Sawhouse Revolution aims to tackle a trio of micro-housing models as part of Impossible City (Rendering: Sawhorse Revolution)
A modular outdoor kitchen would give Nickelsville residents a dedicated place to cook and prep meals. (Rendering: Sawhorse Revolution)
On Sawhorse Revolution’s shortlist?
For starters, students would design and build a variety of tent-replacing micro-shelters, some inspired by disaster relief housing, that would be either collapsible in nature or extremely easy to move considering the transitory nature of Nickelsville itself. Also on the list is a solar hub for recharging devices and battery-powered gadgets like flashlights, a modular community food cooking/prep space and composting portable latrines.
Sawhorse Revolution notes that sanitary bathroom facilities would be the most difficult to execute but are also incredibly vital. Rental porta-potties (“honey buckets” in Northwest vernacular) are one of the most financially draining elements for the Nickelsville community along with the costs for water, gas and generators.
In total, the community pays upwards of $2,000 per month for these necessities.
The petite yet comfortable Green House at Seattle's Nickelsville homeless encampment. (Photo: Alec Gardner)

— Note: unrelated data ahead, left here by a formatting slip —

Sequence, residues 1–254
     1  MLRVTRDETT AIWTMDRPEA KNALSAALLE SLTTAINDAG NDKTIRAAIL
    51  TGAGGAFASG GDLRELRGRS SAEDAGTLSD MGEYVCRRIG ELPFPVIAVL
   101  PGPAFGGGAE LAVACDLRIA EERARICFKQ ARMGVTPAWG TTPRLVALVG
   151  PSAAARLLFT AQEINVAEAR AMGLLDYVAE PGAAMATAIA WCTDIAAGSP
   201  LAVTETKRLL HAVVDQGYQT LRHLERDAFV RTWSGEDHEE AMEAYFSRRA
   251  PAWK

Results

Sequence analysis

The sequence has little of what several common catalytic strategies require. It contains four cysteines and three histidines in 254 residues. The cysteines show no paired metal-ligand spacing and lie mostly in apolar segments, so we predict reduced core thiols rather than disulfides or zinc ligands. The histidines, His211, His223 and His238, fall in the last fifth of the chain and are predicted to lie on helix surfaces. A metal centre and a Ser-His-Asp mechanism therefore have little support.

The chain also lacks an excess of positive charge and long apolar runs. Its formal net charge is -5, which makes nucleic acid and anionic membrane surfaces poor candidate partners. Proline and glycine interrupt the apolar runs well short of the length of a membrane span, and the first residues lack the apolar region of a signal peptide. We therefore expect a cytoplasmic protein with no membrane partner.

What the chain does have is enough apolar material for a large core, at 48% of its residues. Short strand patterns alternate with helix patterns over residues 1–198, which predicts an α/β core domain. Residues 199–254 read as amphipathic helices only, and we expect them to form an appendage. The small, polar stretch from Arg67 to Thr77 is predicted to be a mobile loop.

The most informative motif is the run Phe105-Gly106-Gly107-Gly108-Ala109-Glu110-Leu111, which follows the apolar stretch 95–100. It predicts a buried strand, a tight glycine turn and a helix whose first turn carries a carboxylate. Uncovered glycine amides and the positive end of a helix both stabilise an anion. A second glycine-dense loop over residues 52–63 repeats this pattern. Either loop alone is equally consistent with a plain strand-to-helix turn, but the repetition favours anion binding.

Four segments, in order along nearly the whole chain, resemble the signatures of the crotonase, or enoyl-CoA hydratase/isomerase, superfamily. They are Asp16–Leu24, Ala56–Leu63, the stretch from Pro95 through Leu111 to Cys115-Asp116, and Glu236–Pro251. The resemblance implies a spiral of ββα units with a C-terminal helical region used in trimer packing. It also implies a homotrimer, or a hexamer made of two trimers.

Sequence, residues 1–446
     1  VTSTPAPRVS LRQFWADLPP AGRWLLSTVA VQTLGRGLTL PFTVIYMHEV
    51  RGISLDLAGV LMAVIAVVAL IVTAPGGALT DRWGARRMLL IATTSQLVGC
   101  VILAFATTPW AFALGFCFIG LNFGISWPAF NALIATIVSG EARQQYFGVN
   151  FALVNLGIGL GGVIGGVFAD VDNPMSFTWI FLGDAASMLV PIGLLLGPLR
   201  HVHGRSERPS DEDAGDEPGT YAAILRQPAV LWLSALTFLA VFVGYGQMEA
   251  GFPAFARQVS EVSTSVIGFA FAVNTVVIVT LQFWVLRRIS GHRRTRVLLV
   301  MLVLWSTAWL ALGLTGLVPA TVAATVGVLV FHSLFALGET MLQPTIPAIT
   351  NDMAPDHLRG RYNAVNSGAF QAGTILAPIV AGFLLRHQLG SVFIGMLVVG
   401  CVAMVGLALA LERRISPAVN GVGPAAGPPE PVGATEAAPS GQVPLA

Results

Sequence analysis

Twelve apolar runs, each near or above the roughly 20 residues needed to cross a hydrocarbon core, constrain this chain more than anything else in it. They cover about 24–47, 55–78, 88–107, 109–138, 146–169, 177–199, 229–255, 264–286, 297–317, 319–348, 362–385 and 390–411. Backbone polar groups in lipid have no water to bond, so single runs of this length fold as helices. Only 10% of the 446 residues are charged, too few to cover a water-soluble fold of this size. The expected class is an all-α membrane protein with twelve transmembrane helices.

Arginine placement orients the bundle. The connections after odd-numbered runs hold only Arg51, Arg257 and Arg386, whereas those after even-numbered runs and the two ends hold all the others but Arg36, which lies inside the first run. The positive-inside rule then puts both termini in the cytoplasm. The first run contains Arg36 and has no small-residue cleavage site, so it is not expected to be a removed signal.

As part of Impossible City, Sawhorse Revolution has eyed sustainable design practices as a way to alleviate the aforementioned costs associated with setting up camp. Essentially, Nickelsville needs to remove itself — or remove itself a bit further — from the grid.
Explains Sawhorse Revolution executive director Adam in a press statement: “It wasn’t hard to realize that we really needed to engage with off-grid living practices to build for an off-grid community! That idea also inspired the use of salvaged and up-cycled materials whenever possible.”
Along with the nonprofit’s standard emphasis on “beautiful design and a user-centered approach to architecture,” Sawhorse Revolution also sees Impossible City as a chance for students to familiarize themselves with emerging green technology. While Sawhorse Revolution doesn’t bill itself as a straight-out vocational program for teens, it does instill new skills, build confidence and foster practical — and potentially career-shaping — teamwork: